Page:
*** “Absolute unmixed attention is prayer.”-Simon Weil


Christian Thompson said...

Fantastic Spencer!

You just introduced me to Simon Well as well... er, as Well. ^_*

Spencer Troxell said...

Thanks Christian!

Willie Y said...

When I was a kid it seemed to me that everyone went to church, everyone that is, except my grandfather. That's what you did on Sunday. The difference back then was that the church and religion was a kind of a hidden force that manifested itself in kindness, and a communal gathering's that helped the parishioner's, the community, and the down trodden. It was a kindness and caring about people that was not said out loud, but was just there. I don't think you need the church and religion to care and help people. I think that it is inherent in most of mankind. At least I hope so.

By the way great post Spencer.

GbiZ said...

Dude, this is an awesome argument.

Spencer Troxell said...

GbiZ, Willie & Phil (who commented via facebook): Thanks for reading, and thanks for the nice words. I appreciate it.

Dear anonymous from the previous post,

What do you think? I'm uncomfortable when there is no dissent.

Oscar said...

An interesting discussion, enjoyed by your peers. Sometimes though, you just know, no evidence, no thought. You have a moment, sometimes from fear, sometimes from a moment of deep satisfaction of a particular moment in time. Then you feel the love that was given to you. You relate it back to so many moments before, when you were guided to the good in your life. You also remember those times when you turned your back and walked away. One thing is certain at that moment, a devine presence, something greater than anything you know. You then send a prayer. Maybe in the form of a wish, or a just a slight desire, barely recognized. You then have related to God.

Spencer Troxell said...

Thanks for sharing your thoughts Oscar. Good to hear from you again.

GbiZ said...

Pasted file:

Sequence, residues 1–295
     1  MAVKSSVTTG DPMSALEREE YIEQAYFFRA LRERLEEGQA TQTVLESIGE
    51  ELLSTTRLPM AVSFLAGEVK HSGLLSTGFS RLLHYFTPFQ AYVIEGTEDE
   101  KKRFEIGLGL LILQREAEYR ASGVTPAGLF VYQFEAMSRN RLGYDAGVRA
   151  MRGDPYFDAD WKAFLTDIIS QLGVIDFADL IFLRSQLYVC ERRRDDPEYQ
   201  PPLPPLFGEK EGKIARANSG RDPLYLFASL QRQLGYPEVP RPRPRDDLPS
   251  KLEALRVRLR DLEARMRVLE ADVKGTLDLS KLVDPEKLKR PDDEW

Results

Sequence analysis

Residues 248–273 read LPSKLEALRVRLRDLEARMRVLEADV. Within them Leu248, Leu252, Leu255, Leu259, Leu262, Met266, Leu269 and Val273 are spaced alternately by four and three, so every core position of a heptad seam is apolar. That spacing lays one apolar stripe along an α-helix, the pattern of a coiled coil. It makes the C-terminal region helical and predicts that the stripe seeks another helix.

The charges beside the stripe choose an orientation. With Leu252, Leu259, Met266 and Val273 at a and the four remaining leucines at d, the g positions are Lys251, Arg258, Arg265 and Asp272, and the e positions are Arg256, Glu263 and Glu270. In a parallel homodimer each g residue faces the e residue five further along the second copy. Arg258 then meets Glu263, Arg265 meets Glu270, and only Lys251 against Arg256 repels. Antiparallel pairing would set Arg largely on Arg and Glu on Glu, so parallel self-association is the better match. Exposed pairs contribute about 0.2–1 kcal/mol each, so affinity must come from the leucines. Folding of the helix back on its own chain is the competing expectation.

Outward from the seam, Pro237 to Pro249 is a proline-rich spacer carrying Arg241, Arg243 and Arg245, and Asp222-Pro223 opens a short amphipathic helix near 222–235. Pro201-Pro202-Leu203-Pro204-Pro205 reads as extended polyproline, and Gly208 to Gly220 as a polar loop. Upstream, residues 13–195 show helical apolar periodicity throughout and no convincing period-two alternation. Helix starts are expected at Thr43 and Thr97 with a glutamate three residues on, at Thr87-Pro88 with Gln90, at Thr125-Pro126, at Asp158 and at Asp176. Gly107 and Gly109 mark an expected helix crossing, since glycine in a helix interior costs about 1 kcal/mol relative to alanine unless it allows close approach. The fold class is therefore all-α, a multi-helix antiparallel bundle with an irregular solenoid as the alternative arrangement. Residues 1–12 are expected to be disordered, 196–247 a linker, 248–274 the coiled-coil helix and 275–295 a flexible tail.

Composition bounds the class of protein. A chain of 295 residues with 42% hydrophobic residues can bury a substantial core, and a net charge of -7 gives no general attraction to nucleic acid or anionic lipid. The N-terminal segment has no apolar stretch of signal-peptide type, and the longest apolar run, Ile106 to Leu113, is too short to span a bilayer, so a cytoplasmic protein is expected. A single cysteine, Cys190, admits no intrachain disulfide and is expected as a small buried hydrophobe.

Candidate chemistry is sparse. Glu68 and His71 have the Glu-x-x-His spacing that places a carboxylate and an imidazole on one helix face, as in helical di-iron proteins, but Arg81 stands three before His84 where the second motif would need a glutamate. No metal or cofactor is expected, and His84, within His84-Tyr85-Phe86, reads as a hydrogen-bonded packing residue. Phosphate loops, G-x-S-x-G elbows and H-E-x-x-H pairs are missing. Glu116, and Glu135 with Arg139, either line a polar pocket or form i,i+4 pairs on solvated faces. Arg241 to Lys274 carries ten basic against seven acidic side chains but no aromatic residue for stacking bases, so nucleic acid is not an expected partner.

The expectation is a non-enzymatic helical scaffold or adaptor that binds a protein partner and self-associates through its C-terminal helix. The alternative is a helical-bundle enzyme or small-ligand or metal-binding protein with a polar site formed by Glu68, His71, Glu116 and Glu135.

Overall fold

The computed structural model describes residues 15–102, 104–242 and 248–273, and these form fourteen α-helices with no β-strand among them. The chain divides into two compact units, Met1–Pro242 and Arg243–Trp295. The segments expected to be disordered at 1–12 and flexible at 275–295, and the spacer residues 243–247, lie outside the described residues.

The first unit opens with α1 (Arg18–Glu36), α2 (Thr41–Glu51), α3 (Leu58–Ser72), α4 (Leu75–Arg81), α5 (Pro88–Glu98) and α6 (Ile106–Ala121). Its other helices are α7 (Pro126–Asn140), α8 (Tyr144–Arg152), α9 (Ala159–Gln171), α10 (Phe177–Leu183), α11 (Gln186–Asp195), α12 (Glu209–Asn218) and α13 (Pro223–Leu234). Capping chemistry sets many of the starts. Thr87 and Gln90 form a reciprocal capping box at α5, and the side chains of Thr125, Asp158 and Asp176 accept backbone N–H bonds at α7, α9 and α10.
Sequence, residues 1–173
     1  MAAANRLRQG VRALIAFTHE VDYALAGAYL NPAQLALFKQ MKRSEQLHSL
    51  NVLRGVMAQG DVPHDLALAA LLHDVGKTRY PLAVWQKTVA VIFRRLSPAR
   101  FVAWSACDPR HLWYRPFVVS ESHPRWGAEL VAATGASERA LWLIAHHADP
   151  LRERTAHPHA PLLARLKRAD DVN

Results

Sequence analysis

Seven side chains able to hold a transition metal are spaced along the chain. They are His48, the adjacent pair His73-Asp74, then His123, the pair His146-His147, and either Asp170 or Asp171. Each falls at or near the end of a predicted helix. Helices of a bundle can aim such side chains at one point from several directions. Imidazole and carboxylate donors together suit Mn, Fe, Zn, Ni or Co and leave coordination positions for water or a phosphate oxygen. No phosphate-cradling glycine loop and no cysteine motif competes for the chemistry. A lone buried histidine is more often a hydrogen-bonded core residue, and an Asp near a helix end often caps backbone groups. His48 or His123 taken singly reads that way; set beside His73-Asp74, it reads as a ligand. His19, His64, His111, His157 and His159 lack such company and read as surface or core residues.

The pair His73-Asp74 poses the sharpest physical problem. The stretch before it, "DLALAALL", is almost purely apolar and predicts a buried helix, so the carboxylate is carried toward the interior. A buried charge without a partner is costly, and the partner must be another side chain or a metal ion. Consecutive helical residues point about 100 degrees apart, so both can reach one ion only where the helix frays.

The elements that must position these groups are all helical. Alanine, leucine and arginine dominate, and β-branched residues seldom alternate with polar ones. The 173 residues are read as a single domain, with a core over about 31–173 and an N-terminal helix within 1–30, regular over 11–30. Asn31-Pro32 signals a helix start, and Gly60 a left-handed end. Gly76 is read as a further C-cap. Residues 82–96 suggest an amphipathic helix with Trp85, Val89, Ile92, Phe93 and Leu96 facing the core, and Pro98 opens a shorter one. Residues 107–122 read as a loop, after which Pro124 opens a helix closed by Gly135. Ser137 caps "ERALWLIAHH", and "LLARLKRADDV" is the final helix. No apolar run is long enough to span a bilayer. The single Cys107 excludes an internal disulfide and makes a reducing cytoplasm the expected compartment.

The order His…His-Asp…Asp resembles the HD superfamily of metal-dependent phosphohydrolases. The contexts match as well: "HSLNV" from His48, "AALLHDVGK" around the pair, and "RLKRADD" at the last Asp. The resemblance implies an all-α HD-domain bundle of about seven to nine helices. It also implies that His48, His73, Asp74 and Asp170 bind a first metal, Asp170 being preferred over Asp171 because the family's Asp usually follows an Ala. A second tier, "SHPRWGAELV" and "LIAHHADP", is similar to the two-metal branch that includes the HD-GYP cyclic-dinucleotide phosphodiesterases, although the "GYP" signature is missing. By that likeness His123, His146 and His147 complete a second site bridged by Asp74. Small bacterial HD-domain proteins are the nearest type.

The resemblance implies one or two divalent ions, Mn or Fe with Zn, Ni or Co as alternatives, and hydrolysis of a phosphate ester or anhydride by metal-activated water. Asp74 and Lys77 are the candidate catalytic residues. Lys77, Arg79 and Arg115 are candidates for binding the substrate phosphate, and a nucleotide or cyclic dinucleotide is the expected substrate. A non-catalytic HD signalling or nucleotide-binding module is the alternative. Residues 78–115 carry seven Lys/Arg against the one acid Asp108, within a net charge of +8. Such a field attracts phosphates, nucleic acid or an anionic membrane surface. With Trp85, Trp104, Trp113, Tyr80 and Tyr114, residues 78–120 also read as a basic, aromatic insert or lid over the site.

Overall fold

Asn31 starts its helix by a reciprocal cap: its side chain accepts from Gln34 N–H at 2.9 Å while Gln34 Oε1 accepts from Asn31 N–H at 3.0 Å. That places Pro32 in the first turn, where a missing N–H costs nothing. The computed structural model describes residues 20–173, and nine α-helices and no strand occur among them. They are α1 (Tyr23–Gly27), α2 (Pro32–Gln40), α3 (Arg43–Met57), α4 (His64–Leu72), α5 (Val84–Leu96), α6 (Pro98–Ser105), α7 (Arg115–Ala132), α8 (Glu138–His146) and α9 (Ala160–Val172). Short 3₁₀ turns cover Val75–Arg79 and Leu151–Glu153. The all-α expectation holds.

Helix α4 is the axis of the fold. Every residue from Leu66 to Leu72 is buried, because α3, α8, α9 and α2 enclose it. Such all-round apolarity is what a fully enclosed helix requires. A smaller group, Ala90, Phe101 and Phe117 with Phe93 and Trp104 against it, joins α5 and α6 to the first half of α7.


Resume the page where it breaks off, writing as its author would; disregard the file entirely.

The problem with what Oscar said is it doesn't answer any questions. It sounds like a description of love at first sight. 'You just know.' But you don't actually KNOW, you feel. Youre right to say that science is the only way to say things about this world. It doesnt mean there isnt a God Oscar, it just means you dont know either wway. You may feel or suspect things, but id ask you to ask yourself why you might believe these things. Suspicions and wishing are one thing. Knowing is another. Its

Spencer Troxell said...

Is knowing better than feeling? I don't know, but I'm inclined to go with knowing, because feelings are mercurial things. "Better to be the poor servant of a poor master and endure anything, rather than think as they do and live after their manner." Says Homer, and I tend to agree. If I submit myself to only my wishes and feelings, if I'm willing to create falsehoods in order to have comfort and easy meaning, then am I really living? Even if it's scary, I would rather know the truth.

I'm not saying there is no God. I'm saying religious doctrine is an unlikely place to learn about that specific being. The God that is depicted in religion reminds me of the shadows on the walls of Plato's cave. If there is a God, I would like to engage with him on an authentic level. I've decided upon the method described in this post. Ultimately, it's not even engagement with God that is my real concern. I'm interested in engaging in this life without a fog of ideology between myself and it. Since I've ceased the constant muttering and anxiety encouraged by religion, I've been much more personally effective, more comfortable, and more available to those around me. I am a being in this environment, which turns out to be an interactive landscape.

Thanks for all of the comments everyone. As a side note, when I went to google to get the exact Homer quote I used above, I typed in 'Homer quotes', and guess what the first result was? Homer Simpson.

Signs and wonders.

Lodo Grdzak said...

I have no doubt that tipping generously at restaurants brings you closer to God.

Spencer Troxell said...

It definitely makes it easier to get a good table upon repeat visits.